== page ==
We watched until dark, with rapt fascination, that wonderful little metallic blue pump, doing its beautiful, amazing, magical work of keeping our new pool clean. We got a big spoon to catch the return water stream and the impact of the water turned it into a beautiful aquatic display.  

And, by the time the day ended, a miracle of transformation had actually taken place regarding our "contraption."  Indeed, it had come to look more like an elegant fountain than the gaudy knot of pipes and buckets that we originally understood it to be. Once we saw it actually working, its hideousness just melted away.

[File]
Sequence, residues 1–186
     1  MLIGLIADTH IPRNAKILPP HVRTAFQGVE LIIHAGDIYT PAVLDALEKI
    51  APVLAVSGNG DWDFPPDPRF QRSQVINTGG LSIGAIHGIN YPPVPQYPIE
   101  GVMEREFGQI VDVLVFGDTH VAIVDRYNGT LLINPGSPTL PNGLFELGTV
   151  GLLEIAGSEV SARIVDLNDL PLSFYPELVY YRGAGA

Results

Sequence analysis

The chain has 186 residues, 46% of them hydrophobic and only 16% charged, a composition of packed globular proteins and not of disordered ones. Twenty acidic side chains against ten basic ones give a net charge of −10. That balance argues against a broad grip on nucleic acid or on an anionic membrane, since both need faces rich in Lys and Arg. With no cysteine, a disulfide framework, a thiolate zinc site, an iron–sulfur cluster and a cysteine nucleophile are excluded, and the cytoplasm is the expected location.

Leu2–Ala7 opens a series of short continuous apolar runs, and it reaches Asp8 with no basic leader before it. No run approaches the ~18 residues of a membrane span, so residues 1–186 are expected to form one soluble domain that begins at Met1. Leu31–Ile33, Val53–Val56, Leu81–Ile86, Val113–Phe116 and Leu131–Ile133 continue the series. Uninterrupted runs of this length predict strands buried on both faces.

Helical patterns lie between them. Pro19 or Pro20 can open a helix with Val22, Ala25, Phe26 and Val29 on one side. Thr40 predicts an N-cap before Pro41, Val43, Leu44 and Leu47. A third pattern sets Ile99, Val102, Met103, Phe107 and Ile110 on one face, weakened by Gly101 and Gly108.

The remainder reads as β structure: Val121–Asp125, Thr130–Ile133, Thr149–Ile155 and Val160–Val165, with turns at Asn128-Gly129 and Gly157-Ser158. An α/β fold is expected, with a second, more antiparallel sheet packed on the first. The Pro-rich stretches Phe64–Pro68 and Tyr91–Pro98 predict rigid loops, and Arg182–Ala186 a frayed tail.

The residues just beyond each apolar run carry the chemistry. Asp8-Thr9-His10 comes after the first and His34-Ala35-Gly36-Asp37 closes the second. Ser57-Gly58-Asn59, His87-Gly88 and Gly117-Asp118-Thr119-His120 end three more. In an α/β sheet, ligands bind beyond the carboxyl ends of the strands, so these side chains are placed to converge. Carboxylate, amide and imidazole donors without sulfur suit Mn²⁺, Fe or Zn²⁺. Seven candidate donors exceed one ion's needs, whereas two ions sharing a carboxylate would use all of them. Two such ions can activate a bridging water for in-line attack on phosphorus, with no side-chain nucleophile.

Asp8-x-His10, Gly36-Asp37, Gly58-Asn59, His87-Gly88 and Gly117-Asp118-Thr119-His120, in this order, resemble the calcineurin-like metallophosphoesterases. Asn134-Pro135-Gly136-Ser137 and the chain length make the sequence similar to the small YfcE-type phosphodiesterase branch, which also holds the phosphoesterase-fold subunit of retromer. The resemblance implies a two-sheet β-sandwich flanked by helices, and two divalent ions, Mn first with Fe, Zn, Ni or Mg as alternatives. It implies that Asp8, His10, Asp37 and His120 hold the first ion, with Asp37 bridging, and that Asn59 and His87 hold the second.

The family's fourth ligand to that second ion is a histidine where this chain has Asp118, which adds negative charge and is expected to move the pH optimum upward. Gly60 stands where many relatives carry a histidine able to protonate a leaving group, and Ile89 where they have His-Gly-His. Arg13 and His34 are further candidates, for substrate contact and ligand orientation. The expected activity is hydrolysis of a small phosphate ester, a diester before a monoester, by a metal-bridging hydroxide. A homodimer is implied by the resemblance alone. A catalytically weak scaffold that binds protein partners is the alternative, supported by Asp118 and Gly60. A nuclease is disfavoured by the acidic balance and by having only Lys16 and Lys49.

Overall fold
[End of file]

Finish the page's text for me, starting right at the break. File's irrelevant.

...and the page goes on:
We swam in that pool for three seasons. Each year we would peel out the liner, dig the pool a little deeper (Deborah was growing).  We would then refill it with that beautiful, clear, cool water that would set us free of the Texas heat and bind us together in innocent fun. 

Eventually we coped the edge of the pool with stones.  And, we installed overhead lighting in the area as well as some benches and landscape flourishes.

The intrinsic value of that swimming pool was just south of $100 dollars. But, the closeness that it brought to our family - the shared achievement, the bindings of laughter, and love, and dear shared memories of the good times were and are truly priceless. Thank God for foxholes, and little boys and girls, and the homemade swimming pools of life.